Mälkki, CSO ignite a summer storm with epic Sibelius at Ravinia

Sat Jul 22, 2017 at 2:55 pm

By Lawrence A. Johnson

Susanna Malkki conducted the Chicago Symphony Orchestra in music of Sibelius and Beethoven Friday night at the Ravinia Festival. Photo: Pedro de Jesus / Ravinia
Susanna Mälkki conducted the Chicago Symphony Orchestra in music of Sibelius and Beethoven Friday night at the Ravinia Festival. Photo: Pedro de Jesus/Ravinia

To quote the festival’s marketing line, it really was a great night at Ravinia—musically, if not meteorologically.

Friday’s late afternoon rains thinned out the lawn audience and the thunderstorms returned with a vengeance after intermission, helping to make the Chicago Symphony Orchestra’s performance of Sibelius even more intense and dramatic. Not that it needed any help. 

With her regular CSO appearances downtown, Susanna Mälkki has become a Chicago favorite in recent seasons. In the final of her two consecutive Ravinia programs this week, the Finnish conductor led her first local performance of a Sibelius symphony. And Friday night’s grand and impassioned performance of the Symphony No. 2 showed once again why Mälkki is among the most exciting and illuminating of CSO podium guests.

For the aficionados in the audience there was a clear sense of anticipation in hearing Mälkki conduct music of her country’s greatest composer. Granted, it’s something of a fool’s game to impute an innate sympathy to music of a conductor’s compatriots since one can find just as many conductors of other nationalities who are adept in the same repertoire (and, often, some from the same country of origin who are not).

The current trend among many conductors is to treat Sibelius’s first two symphonies from the vantage point of the composer he was to become rather than the Russian tradition his music was emerging from. Viewing these early works as developmental road markers, the approach is to underline the nascent austerities of his mature style, while playing down the Romanticism.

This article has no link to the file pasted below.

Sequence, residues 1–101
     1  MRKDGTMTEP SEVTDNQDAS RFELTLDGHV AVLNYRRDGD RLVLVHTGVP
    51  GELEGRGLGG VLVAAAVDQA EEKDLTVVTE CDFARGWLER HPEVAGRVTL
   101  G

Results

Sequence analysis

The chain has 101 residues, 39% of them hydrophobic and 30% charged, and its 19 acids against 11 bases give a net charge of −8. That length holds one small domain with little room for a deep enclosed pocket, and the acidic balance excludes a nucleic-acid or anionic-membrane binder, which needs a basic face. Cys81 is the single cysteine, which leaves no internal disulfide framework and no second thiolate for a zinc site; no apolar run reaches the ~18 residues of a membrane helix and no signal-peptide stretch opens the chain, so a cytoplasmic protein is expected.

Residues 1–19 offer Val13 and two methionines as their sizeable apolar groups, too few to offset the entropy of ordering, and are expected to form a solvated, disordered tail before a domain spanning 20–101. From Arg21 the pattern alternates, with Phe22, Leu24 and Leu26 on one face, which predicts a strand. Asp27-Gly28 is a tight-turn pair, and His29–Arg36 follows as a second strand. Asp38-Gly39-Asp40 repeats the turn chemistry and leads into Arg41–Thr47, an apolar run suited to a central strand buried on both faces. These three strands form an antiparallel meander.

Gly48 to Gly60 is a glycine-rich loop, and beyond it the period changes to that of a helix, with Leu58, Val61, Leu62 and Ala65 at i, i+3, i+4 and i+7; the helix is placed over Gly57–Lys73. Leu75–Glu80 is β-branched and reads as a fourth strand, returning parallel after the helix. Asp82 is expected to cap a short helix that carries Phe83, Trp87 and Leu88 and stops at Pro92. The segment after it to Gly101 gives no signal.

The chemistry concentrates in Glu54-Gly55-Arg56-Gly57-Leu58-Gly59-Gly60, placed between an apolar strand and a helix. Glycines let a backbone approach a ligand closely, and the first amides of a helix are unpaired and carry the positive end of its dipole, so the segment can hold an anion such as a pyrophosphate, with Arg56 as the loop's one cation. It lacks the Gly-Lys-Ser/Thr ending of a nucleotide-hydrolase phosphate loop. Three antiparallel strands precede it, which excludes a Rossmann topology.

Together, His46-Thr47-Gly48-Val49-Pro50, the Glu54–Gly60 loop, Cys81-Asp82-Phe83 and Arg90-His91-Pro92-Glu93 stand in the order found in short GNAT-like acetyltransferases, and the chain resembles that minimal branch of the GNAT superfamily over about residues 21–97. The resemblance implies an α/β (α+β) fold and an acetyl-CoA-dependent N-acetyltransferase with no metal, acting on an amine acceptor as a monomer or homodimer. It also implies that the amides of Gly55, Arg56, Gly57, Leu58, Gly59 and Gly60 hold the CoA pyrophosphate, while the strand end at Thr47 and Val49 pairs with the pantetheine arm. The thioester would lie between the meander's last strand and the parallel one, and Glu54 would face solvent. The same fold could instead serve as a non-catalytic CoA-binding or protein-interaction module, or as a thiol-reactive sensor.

This was not Mälkki’s way. While there was no lack of elemental Northern atmosphere, she clearly sees the Second Symphony in the Romantic tradition. In the political word of the moment, this was big Sibelius—huge textures built from the bottom up, with deep, rumbling cellos and double-basses, and eruptive, powerful brass and percussion. The evening’s roiling storm added to the cumulative sonic impact, providing thunder and lightning almost on cue at the climax of the first movement and again in the finale.

While imposing, tough and elemental, there was also an epic breadth and spaciousness. Mälkki directed each movement with a firm yet flexible pulse and sense of the long line–we always felt where each movement was headed and how it fit into the larger whole.

Sibelius’s singular handprints came across with an extra degree of color and sonic impact—the forlorn wind solos, jagged brass phrases, and undulating cellos and basses. With her acute balancing making manifest the orchestra sections moving at different speeds, Mälkki’s inexorable ratcheting up of volume and adrenaline to the majestic climax of the finale was thrilling and spectacular. 

The CSO musicians played with total commitment and, even with the challenging conditions and short rehearsal time, this Sibelius Second proved a highlight of the musical year. As is increasingly the case in summer weeks, many of the principals were off, but that had little effect on this rich and vividly characterized performance, with fine contributions from clarinetist John Bruce Yeh, oboist Michael Henoch and guest trumpet David Krauss, principal of the Metropolitan Opera Orchestra.

Photo: Pedro de Jesus/Ravinia
Photo: Pedro de Jesus/Ravinia

The first half of the evening was on the same estimable level with Mälkki and Kirill Gerstein simpatico partners in Beethoven’s Piano Concerto No. 3.  

Gerstein is one of those rare artists who seems wholly convincing in whatever music he happens to be playing, and Friday he gave a virtual seminar in idiomatic Beethoven style. Natural and purposeful throughout, Gerstein strongly served the lean and dramatic opening movement yet shifted gears seamlessly for the quirky, lighthearted bonhomie of the finale. Despite the triple-fortissimo obbligato by the park’s cicada tabernacle chorus, Gerstein managed to explore a nuanced degree of inner expression in his searching Largo.

Mälkki and the CSO supported Gerstein with comparably incisive accompaniment and accents firmly marked. The final pages of the slow movement were as rapt and lovely as one could ever hope to hear.

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